Apr 08, 2014 11:34AM, Published by Anonymous, Categories: Lifestyle
by Lisa Mobley Mullis, FNP-C and Kalie Bush B.S., Biology
As a health care provider at Absolute Weight Loss and Wellness, I have found that the most challenging patients to treat for weight loss are emotional eaters. A natural or prescription appetite suppressant will not be as effective for an emotional eater, because emotional eaters do not eat because of hunger. They eat because of stress, depression, loneliness, grief, boredom and many other emotions.
If you are stressed, do you make to-do lists? Do you meditate? Do you go to a yoga class or run a couple of miles? If you do these things, congratulations! No need to continue reading. However, if you are like some of us who turn to food in order to get distracted from feeling upset, or indulge in comfort foods to accomplish or maintain a state of feeling happy, then you are an emotional eater.
Experiments in animals and humans have shown that, for some people, food, especially foods high in sugar, fat, and salt, trigger the same reward and pleasure centers of the brain that are triggered by addictive drugs like cocaine and heroin. Eating when you are not really hungry in order to satisfy a craving or accomplish a feeling of happiness is referred to as emotional eating. There are differences between being hungry (needing calories to fuel your body), and craving a specific comfort food such as pizza, ice cream, cookies, etc. Most people crave something sweet or salty once in a while, but an emotional eater will binge on comfort food to fill a void.
How do I know the difference between emotional eating and hunger?
Emotional eating is impulsive, while true hunger comes on gradually. If you suddenly think, “Wow, I really need a cookie right now,” that is not true hunger. That is a craving, and if ignored, will eventually go away. However, hunger will not go away so easily, and a truly hungry person is not usually very picky about what sounds good to them. So the next time you reach for food, ask yourself, “Am I hungry, or am I eating to fill a void or to comfort myself?” Emotional eating can create an unhealthy cycle: eating to feel better, feeling guilty about eating badly, and then eating more to try to overcome the guilt of overeating.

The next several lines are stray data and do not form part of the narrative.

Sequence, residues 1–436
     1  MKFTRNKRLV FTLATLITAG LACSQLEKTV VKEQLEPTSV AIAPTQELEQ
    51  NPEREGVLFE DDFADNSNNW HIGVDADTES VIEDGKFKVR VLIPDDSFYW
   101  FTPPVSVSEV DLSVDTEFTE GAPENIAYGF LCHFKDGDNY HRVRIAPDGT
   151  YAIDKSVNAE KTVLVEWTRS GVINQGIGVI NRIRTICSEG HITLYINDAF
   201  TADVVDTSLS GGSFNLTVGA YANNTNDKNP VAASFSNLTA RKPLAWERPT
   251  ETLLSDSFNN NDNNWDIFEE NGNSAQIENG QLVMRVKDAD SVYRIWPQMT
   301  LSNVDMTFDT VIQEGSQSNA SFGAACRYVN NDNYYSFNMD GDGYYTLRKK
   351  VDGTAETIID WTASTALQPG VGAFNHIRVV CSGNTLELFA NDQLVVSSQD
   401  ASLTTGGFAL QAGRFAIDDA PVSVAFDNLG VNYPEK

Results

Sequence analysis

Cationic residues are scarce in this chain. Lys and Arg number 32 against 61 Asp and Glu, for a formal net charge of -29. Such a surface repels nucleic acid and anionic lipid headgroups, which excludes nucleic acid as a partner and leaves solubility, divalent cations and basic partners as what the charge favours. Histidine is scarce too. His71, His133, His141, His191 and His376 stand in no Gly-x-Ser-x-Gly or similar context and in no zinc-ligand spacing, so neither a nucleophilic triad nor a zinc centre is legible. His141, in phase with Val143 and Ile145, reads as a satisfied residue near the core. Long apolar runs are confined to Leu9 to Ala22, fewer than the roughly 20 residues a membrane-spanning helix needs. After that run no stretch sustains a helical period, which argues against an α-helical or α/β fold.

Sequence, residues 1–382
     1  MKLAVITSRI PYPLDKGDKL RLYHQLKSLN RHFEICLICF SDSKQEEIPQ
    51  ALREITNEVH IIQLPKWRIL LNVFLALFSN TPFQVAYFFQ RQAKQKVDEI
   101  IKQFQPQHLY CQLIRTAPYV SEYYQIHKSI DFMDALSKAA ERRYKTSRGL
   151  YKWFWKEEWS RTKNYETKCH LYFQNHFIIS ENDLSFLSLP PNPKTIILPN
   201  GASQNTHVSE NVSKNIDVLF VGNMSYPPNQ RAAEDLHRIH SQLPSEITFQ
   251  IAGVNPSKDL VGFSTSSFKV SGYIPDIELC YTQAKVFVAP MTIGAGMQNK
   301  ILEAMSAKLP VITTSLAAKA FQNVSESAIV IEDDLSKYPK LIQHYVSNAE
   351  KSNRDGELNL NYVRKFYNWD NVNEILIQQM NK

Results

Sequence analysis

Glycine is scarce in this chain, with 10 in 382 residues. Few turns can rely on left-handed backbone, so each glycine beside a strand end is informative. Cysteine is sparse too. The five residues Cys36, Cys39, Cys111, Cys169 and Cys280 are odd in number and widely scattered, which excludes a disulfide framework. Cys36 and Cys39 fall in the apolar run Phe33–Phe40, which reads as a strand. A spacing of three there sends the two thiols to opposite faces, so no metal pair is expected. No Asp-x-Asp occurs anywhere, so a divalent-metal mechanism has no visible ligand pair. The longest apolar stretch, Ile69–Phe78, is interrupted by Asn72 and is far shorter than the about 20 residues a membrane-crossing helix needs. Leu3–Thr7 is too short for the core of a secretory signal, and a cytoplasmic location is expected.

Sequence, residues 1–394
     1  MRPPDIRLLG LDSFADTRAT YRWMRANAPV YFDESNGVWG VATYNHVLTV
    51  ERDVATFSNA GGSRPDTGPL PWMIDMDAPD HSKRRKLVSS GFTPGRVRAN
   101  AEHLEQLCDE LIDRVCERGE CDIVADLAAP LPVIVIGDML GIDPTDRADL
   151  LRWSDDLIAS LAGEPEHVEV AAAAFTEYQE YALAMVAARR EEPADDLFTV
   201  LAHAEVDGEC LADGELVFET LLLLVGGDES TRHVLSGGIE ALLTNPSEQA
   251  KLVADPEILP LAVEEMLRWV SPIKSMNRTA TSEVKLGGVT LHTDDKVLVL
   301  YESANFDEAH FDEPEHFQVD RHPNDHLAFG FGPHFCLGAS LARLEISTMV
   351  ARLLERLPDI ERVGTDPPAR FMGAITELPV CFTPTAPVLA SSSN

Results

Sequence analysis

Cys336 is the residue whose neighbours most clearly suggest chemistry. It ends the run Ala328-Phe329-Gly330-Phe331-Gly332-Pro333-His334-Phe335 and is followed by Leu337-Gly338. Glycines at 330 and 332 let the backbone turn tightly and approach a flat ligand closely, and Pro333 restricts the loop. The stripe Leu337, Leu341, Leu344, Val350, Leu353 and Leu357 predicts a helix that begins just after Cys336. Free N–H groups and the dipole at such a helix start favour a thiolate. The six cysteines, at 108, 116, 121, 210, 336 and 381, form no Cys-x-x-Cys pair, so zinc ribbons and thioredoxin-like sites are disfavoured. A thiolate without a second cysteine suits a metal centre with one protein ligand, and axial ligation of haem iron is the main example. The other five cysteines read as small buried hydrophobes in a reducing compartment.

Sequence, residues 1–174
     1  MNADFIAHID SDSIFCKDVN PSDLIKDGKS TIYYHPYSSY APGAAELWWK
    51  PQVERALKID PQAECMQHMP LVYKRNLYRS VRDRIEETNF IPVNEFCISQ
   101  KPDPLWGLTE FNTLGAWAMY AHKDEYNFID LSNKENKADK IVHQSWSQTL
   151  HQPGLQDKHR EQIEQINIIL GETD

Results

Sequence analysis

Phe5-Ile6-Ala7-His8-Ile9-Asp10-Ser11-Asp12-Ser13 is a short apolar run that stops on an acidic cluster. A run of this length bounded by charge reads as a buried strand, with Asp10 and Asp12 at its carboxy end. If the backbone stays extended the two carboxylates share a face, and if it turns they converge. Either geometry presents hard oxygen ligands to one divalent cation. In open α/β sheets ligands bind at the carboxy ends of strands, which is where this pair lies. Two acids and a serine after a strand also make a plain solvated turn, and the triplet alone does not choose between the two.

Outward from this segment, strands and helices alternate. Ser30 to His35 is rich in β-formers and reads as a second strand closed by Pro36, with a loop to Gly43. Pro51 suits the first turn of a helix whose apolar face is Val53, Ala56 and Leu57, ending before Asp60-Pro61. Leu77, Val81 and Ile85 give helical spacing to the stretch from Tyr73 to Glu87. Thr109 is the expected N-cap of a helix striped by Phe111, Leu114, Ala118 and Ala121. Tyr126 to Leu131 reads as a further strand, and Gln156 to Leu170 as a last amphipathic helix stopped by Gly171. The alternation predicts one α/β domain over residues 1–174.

What can I do if I struggle with emotional eating?
Combating emotional eating involves strategies as simple as asking yourself, “How do I feel right now? Am I hungry or am I feeling upset about something?” If you are having symptoms of depression, guilt, grief, or insecurity, then seeking therapy with a licensed counselor may help you get to the underlying issues causing you to eat emotionally. Boredom can also be a reason for emotional eating. Try taking a walk, playing with your pet, reading, discovering a new hobby, or volunteering to help people in need. A proven natural way to release “feel-good” hormones is daily exercise, which will also assist you in your weight loss goal. Keeping a journal has been shown to help people release emotions. Another good idea is to avoid the temptation to emotionally eat simply by not stocking up on comfort foods. If eating is not as convenient, you will be less likely to indulge on an impulse. Emotional eating can be overcome by introspection on your own or with the help of a professional. Remember that small changes add up to big results over time.